Digital Rights Management, or DRM, systematically destroys innovation in the entertainment industry. The various entertainment industries that lobby for more laws supporting DRM implementation in their products claim 'pirates' cause them to lose a noticeable amount of money. The argument presented by these companies allows them to get away with these DRM schemes, which hurt not only the consumer, but also the industry as a whole. All DRM schemes contain fatal flaws in the very philosophy of their design, rendering them largely ineffective. The entertainment companies employ these harmful, ineffective, and potentially illegal Digital Rights Management restrictions to limit consumer rights, increase their profits, and maintain complete control over the content.
As defined by the Electronic Frontier Foundation, Digital Rights Management refers to the various protection technologies that content publishers apply to their products. For example, many online music stores protect their music files, preventing users from making backup copies or playing it on an unapproved device. Copy protection systems vary depending on the content type and the publisher (“Digital”).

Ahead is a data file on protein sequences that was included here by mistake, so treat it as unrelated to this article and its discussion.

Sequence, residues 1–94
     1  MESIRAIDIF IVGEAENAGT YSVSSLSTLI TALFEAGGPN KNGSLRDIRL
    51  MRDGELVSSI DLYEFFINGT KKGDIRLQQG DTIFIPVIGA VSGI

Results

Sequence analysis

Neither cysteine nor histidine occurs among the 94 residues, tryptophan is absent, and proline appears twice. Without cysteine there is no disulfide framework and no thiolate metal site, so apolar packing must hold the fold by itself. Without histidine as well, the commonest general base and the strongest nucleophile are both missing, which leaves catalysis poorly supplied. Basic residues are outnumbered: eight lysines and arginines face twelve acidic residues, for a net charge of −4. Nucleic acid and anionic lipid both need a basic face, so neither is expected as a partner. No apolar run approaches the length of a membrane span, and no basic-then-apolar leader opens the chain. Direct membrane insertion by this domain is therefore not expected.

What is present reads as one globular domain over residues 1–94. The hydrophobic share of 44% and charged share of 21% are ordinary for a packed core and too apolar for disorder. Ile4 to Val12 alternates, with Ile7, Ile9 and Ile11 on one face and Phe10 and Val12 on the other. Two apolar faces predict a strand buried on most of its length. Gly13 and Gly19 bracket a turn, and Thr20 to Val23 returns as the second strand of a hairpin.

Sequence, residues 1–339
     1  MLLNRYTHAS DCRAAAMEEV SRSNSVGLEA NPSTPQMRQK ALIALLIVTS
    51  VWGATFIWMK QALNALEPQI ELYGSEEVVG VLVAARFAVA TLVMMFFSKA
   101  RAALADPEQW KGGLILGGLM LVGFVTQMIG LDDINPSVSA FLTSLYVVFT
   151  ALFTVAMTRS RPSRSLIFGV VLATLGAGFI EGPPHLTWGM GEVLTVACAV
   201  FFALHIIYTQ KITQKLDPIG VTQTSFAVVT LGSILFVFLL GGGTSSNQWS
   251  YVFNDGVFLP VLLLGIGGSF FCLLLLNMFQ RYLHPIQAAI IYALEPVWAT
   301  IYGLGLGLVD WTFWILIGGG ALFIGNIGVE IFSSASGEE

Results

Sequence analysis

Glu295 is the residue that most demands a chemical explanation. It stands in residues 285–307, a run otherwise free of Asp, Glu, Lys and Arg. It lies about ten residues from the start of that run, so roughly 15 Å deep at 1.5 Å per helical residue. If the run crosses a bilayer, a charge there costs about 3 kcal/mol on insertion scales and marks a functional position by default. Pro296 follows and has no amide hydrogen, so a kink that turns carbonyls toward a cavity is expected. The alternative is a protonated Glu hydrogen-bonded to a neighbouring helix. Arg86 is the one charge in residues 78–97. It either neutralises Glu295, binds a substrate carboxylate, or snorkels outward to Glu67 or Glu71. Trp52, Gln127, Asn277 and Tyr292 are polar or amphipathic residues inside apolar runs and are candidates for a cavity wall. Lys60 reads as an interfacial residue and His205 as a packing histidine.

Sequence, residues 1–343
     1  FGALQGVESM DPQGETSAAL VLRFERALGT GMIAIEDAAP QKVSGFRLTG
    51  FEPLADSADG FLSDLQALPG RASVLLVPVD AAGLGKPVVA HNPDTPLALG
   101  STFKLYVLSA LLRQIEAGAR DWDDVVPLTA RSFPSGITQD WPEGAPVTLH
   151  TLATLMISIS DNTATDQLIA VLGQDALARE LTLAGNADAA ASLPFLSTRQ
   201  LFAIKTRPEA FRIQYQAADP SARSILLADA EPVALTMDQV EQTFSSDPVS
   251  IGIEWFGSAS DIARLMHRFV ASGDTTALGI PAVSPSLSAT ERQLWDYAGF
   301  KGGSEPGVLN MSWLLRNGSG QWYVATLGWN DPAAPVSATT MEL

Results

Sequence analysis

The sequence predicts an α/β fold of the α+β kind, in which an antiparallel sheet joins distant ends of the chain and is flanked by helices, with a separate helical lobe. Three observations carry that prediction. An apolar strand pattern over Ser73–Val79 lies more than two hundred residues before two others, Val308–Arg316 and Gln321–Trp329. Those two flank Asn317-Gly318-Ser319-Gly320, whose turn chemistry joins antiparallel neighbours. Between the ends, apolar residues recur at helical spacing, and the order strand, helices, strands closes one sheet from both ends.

The history of DRM traces back to the days of read-only floppy disks and computer software, but the real controversy around the issue evolved with music and DVDs. The anti-DRM group known as Defective by Design outlined the problem in their “Decade of DRM” article. When the Recording Industry Association of America, the RIAA, saw file-sharing expand on the Internet, they quickly played the part of the robbed victim. The RIAA rolled out DRM schemes and began selling the music with protection, but they soon realized consumers could just walk to the store and buy...
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... their products and stop trying to take advantage of them. Creating extra business models only hurts legitimate, paying customers. The very idea of DRM is contains flaws, and they can not be fixed technologically. If publishers could remember the adage “the customer is always right”, maybe this problem wouldn't exist.
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